Sanitation Monitoring and Evaluation

Start date: 17 January, 2012 End date: 28 February, 2012 Project type: Master's Thesis (prior to 2018) Project code: A15043 Countries: Ghana Institutions: University of Copenhagen (UCPH), Denmark Grant recipient: Ana Fried Total grant: 15,000 DKK


The main objective of this master thesis is to investigate how global sanitation is
currently monitored, the weaknesses of available data, and the present challenges of monitoring sanitation behaviour in rapidly urbanising settings, using an example from Ghana. In order to undertake the task of reporting the challenges this study will compare existing global models for sanitation monitoring and evaluation, and describe theirapplicability. Sanitation actors and data flow in a peri-urban location of Ghana will be mapped in order to identify the obstacles in data collection, sharing and usability of results.

A qualitative research strategy was used to capture the relationship between monitoring and evaluation theory, research and practice. Information on global sanitation monitoring and evaluation models was collected through: a literature review and interviews with international sanitation experts; and from the local context through: interviews with Ghanaian national experts and stakeholders involved in sanitation projects. This triangulation approach reinforced findings and interpretations, increased credibility and reliability, thereby enhancing the validity of results. Ethics were strongly considered throughout the duration of the study and care was taken with regard to informed consent and participant rights. Ethical approval was received from both the University of Copenhagen under the Sustainable Sanitation Solutions Ghana project and the Dodowa Health Research Centre, Ghana.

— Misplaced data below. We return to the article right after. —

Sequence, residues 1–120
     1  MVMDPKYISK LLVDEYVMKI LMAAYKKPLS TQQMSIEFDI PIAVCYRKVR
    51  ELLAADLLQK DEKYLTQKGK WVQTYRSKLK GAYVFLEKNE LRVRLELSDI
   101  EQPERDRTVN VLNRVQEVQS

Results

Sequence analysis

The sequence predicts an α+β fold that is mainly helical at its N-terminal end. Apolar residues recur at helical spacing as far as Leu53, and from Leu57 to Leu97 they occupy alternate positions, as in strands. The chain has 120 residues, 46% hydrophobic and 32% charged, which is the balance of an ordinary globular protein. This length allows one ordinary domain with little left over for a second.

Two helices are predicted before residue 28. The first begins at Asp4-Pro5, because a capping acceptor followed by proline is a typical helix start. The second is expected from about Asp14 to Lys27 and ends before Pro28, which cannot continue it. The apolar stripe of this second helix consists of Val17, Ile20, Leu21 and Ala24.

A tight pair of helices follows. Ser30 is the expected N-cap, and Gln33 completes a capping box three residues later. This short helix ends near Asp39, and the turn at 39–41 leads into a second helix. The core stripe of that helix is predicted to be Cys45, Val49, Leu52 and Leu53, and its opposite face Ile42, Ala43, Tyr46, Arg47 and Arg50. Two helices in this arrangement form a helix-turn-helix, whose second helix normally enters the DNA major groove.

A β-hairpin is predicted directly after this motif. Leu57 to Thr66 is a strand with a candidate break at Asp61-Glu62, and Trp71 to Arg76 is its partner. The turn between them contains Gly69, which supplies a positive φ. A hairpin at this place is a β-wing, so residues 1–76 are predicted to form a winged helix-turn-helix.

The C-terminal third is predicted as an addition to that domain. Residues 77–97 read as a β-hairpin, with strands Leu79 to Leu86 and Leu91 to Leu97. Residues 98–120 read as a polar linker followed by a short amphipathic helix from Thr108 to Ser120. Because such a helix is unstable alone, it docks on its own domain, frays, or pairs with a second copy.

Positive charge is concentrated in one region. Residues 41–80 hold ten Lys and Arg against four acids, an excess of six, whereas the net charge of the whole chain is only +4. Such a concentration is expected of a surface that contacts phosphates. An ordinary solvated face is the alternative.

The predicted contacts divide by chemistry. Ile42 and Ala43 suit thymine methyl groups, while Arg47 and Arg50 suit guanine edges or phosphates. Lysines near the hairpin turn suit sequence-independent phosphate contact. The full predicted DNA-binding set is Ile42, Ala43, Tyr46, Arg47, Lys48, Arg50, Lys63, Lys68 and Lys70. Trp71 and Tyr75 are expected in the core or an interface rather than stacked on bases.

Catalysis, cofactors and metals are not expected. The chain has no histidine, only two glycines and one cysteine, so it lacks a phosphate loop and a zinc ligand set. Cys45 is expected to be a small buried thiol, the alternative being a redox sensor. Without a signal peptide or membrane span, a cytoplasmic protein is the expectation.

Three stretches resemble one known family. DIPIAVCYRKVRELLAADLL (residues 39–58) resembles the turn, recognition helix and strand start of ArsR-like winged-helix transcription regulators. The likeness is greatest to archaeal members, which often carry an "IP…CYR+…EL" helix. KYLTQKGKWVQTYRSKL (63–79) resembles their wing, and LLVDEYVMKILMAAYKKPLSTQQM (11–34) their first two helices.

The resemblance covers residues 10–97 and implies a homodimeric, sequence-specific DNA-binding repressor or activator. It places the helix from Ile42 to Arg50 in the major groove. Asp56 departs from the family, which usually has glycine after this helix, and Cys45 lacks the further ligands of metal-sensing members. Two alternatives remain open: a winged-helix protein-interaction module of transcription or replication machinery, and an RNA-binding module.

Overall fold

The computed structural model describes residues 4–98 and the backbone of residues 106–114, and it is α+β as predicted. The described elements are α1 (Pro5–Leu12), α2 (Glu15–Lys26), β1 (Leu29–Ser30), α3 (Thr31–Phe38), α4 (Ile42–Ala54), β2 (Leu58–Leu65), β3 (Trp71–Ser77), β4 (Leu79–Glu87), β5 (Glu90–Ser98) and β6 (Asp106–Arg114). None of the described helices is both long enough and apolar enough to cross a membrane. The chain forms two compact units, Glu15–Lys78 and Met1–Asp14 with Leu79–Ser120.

The literature review describes monitoring and evaluation models: basic research,
logical framework, results based management, project lifecycle and participatory
monitoring and evaluation. These models are implemented in the sanitation sector for different purposes, with varying indicators, data collection tools and monitoring
information software technologies. In Ghana, data flow mapping depicts barriers in data collection and sharing including: indicators and definitions, data dissemination, project based monitoring, monitoring information software, urban-rural gap, and participatory monitoring and evaluation. The uses of sanitation data discussed, in the Ghanaian context, are: policy development; funding, planning and accountability for projects; as 4 well as to provide coverage estimates. Mobile phone technology and an adaptation of Community Led Total Sanitation are innovations in the sector which may improve data capture in rapidly urbanising settings.

Various monitoring and evaluation models are implemented for sanitation data
collecting. These often overlap with methodologies and results which are not
harmonised. Sanitation data flow globally and in Ghana is complex; it involves actors from different administrative levels, includes the public and private sectors, and demonstrates a clear divide between rural and urban settings. Indicators currently used result in a gap in available data because they do not effectively represent behaviour, practices or issues of equity related to human waste disposal, particularly in the dynamic settings of rapidly urbanising townships. The lack of harmonised monitoring and evaluation methods for sanitation data collection are a potentially significant waste of money which is not only a considerable burden for national partner governments and development partners, but also limits progress in improving global sanitation practices.